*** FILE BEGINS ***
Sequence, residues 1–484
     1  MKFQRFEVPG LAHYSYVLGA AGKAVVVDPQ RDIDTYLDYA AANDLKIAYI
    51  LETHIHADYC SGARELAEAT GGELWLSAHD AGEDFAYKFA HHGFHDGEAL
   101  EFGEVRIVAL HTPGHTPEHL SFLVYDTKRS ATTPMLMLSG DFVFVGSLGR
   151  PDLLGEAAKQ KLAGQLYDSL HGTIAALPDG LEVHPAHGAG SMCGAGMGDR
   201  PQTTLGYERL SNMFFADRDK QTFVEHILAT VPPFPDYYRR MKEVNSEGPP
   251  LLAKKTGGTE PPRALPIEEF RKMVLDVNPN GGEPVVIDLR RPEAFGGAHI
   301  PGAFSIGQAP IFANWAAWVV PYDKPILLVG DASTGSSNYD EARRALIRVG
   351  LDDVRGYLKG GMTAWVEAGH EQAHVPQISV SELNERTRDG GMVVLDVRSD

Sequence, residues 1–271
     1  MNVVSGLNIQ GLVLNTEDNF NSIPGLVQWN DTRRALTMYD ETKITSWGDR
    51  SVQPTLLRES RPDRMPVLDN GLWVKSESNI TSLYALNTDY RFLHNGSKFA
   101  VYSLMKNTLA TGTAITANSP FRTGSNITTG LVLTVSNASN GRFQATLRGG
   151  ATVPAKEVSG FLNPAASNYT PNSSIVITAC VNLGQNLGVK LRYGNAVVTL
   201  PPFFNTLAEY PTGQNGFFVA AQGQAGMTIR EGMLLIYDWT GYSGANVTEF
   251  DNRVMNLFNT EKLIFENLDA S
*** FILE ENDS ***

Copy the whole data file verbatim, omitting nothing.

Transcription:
Sequence, residues 1–484
     1  MKFQRFEVPG LAHYSYVLGA AGKAVVVDPQ RDIDTYLDYA AANDLKIAYI
    51  LETHIHADYC SGARELAEAT GGELWLSAHD AGEDFAYKFA HHGFHDGEAL
   101  EFGEVRIVAL HTPGHTPEHL SFLVYDTKRS ATTPMLMLSG DFVFVGSLGR
   151  PDLLGEAAKQ KLAGQLYDSL HGTIAALPDG LEVHPAHGAG SMCGAGMGDR
   201  PQTTLGYERL SNMFFADRDK QTFVEHILAT VPPFPDYYRR MKEVNSEGPP
   251  LLAKKTGGTE PPRALPIEEF RKMVLDVNPN GGEPVVIDLR RPEAFGGAHI
   301  PGAFSIGQAP IFANWAAWVV PYDKPILLVG DASTGSSNYD EARRALIRVG
   351  LDDVRGYLKG GMTAWVEAGH EQAHVPQISV SELNERTRDG GMVVLDVRSD

Sequence, residues 1–271
     1  MNVVSGLNIQ GLVLNTEDNF NSIPGLVQWN DTRRALTMYD ETKITSWGDR
    51  SVQPTLLRES RPDRMPVLDN GLWVKSESNI TSLYALNTDY RFLHNGSKFA
   101  VYSLMKNTLA TGTAITANSP FRTGSNITTG LVLTVSNASN GRFQATLRGG
   151  ATVPAKEVSG FLNPAASNYT PNSSIVITAC VNLGQNLGVK LRYGNAVVTL
   201  PPFFNTLAEY PTGQNGFFVA AQGQAGMTIR EGMLLIYDWT GYSGANVTEF
   251  DNRVMNLFNT EKLIFENLDA S